If living life on the straight and narrow is not your breakaway style, overnighting 'a la difference' exists all over the Cape. Appealing to a range of budgets and within several hours' drive of the city, you can either sleep in a stationary train or a gypsy wagon or catch your dreams in a tepee or regenerate in a pod.
91 Loop, Cape Town
One thing 91 Loop in the city doesn’t offer when you overnight there is a futuristic, body-hugging spacesuit – which doesn’t change the fact that your unique sleeping experience is in South Africa’s first pod beds.
Slide into your all-white single pod lit up by mini spotlights and you’ll find it more than roomy. My feet managed to get halfway flat against the pod’s Perspex-type ceiling. Though I’m a little short – 160cm – in height.
Plenty of guests were sitting up cross-legged in their pods, travel literature splayed out on the built-in shelving. Originating in Japan as a concept and though built for singles, even partners sitting in their pods together didn’t look uncomfortable.
Officially a hostel, both the mattress and bedding were surprisingly upscale hotel quality. If you’re concerned about privacy, merely draw the little curtain at the pod’s entrance.
Being on ground level suited me for night visits to the loo. My neighbours above had to constantly climb the pod ladders.
Typically, large dorms mean sharing the attached bathroom. Happily, showers were always hot and the toilets kept nice and clean.
Residents are issued with their room electronic access cards, which include a spacious locker. Rooms are named after cities of the world – ours was Rio de Janeiro while São Paulo was nearby.
Tackling the highly-trafficked corridors and communal areas brought on a serious nostalgic attack at the familiar scene. Filled with mostly 20- and 30-somethings, some were clustered together, making travel plans or exchanging hazardous tales with fellow travellers.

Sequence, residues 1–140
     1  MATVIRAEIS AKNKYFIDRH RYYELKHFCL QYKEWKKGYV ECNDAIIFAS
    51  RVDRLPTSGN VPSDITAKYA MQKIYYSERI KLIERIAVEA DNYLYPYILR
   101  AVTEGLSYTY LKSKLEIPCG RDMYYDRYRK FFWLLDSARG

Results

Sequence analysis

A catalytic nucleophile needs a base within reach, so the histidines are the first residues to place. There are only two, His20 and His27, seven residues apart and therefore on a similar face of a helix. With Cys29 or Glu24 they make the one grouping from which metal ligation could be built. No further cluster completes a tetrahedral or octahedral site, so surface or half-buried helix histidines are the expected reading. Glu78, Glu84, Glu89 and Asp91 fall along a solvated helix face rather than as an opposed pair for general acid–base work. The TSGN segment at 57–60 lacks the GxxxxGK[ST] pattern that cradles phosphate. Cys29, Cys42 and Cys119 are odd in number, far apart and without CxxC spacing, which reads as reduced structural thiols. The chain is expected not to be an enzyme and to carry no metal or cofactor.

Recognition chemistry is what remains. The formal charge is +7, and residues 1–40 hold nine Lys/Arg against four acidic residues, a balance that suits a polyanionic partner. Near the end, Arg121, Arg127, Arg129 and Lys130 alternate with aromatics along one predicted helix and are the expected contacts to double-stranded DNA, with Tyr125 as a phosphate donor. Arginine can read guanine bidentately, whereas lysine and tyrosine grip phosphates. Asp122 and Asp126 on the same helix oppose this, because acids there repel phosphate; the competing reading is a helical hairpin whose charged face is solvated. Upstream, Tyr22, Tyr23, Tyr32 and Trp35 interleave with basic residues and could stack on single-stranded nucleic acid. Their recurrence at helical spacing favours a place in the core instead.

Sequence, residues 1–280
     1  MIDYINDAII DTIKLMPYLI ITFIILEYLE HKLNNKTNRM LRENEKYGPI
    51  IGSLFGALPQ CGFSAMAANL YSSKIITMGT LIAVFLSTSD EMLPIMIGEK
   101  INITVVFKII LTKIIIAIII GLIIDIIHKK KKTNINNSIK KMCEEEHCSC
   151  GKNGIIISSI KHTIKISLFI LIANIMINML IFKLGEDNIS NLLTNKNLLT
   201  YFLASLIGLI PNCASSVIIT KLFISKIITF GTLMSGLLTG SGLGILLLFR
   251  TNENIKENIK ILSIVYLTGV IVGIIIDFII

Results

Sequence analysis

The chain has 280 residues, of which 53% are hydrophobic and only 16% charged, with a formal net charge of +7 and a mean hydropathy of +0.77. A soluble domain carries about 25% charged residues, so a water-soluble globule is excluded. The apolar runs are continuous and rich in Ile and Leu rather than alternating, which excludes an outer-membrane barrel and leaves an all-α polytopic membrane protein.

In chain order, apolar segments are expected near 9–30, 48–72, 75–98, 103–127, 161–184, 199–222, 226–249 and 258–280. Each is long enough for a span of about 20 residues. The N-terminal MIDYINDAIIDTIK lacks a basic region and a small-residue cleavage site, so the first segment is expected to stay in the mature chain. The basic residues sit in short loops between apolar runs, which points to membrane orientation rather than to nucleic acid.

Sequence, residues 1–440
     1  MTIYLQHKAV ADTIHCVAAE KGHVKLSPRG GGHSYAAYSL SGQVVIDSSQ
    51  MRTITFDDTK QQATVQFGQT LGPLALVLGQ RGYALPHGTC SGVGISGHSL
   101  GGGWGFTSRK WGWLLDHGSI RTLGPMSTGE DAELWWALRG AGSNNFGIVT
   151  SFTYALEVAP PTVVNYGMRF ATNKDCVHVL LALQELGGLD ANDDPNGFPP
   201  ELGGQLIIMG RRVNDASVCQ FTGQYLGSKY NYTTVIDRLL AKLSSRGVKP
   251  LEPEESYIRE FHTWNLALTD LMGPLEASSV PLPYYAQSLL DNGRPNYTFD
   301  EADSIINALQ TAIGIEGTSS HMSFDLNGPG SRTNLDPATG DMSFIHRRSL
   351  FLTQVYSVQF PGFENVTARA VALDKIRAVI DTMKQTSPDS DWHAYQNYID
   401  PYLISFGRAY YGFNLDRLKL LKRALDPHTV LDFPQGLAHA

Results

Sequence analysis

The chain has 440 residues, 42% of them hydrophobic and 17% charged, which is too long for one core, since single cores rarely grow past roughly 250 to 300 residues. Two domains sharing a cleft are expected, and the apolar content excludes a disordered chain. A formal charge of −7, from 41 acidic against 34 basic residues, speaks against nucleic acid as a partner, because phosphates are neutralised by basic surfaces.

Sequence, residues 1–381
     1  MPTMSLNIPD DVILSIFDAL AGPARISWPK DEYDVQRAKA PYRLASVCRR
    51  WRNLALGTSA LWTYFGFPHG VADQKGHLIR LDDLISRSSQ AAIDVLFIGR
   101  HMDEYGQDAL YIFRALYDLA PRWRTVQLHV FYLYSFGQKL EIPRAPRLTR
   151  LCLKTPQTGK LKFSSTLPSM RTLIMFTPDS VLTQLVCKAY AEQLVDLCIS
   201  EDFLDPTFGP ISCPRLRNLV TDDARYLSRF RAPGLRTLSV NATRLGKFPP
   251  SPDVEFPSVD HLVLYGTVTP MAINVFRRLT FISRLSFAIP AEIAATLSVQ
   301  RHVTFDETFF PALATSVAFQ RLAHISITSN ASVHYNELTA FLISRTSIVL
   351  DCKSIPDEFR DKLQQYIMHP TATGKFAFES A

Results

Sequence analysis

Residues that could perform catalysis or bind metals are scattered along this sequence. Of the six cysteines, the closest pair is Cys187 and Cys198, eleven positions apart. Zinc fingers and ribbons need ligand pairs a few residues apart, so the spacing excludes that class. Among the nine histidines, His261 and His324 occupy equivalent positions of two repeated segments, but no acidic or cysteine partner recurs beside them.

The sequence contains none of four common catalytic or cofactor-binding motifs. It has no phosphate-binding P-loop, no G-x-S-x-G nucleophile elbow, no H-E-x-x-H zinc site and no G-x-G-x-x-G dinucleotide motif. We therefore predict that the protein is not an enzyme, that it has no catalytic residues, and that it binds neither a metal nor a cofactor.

Others were rattling off in foreign languages on cellphones. A poster of a man gazing into a landscape read: “The world is a book and those who do not travel read only one page.”
Remember that scene in Fifth Element, when they travel to the Paradise Planet and sleep in pod-like beds? Well I got to experience...
Rachel Briant 17 May 2016
Hostel living is rarely a quiet affair, wherever you are in the world. Yet despite full occupancy of my 20-pod room – including snorers – I had the most comfortable, but weirdly soundless night’s sleep.
Manager Thomas Roux puts this down to room design and the use of wood. “We are an experience. You don’t come to 91 Loop to sleep – you come here to ‘get’ Cape Town,” said Roux.
Or ‘get’ the rest of the world if you’re one of their many South African guests. If budget travel is what you’re after, information abounds at 91 Loop. You may even find a perfect travel companion over your (included) breakfast of fruit, yoghurt, cereal, eggs, toast and coffee. www.91loop.co.za
Glen Eden Ranch, Montagu
You don’t only have the choice of overnighting in a gypsy wagon or a tepee at Montagu’s Glen Eden Ranch, but the whole family - including your furry members – are accommodated on this Karoo farm.
Rated as a destination for the bucket list by guests, glamping in this little private valley is a unique experience. It’s also a very rustic one, though it comes equipped with everything you’ll need –including solar lanterns.